Powered Parachute Flying Handbook

Chapter 12 — Night, Abnormal, and Emergency Procedures

Engine Failure on Climbout

Urgency characterizes all power loss or engine failure occurrences after lift-off. In most instances, the pilot has only a few seconds after an engine failure to decide the course of action and execute it. Unless prepared in advance to make the proper decision, there is a chance the pilot will make a poor decision, or make no decision at all and allow events to rule.

The altitude available is, in many ways, the controlling factor in the successful accomplishment of an emergency landing. If an actual engine failure should occur immediately after takeoff and before a safe maneuvering altitude is attained, it is usually not advisable to attempt to turn back to the field from where the takeoff was made. Instead, it is safer to immediately establish the proper glide attitude, and select a landing area directly ahead or slightly to either side of the takeoff path. Complete the landing in accordance with the next section.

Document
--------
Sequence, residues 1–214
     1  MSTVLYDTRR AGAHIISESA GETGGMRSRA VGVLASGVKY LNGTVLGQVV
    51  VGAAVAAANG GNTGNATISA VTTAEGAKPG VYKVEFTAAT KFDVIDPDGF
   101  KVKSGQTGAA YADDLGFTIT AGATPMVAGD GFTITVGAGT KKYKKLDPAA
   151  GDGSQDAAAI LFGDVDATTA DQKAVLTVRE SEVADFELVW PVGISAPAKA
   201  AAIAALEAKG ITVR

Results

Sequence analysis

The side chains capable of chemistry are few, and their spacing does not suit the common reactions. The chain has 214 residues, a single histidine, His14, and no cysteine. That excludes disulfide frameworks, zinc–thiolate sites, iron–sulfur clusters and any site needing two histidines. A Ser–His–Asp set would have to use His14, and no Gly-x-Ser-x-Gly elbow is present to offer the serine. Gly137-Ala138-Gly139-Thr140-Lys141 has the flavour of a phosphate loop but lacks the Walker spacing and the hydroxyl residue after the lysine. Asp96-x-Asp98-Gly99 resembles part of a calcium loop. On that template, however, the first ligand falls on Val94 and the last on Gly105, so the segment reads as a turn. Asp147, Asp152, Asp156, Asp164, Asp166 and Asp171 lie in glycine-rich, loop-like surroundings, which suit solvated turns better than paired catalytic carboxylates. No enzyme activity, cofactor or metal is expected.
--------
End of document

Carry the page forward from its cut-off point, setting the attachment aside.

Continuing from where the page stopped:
In the event of an engine failure on initial climb-out, the powered parachute is typically at a high pitch angle with the cart well in front of the wing. When the engine fails, the cart swings back under the wing and the wing can surge forward bringing the PPC into a temporary and potentially dangerous dive. If the engine-out occurs close to the ground, and the wing starts to surge out in front of the cart, it is necessary to immediately flare the wing to slow the surge. Gradually release the flare when the forward surge is controlled and the wing is back overhead in a normal flying position.

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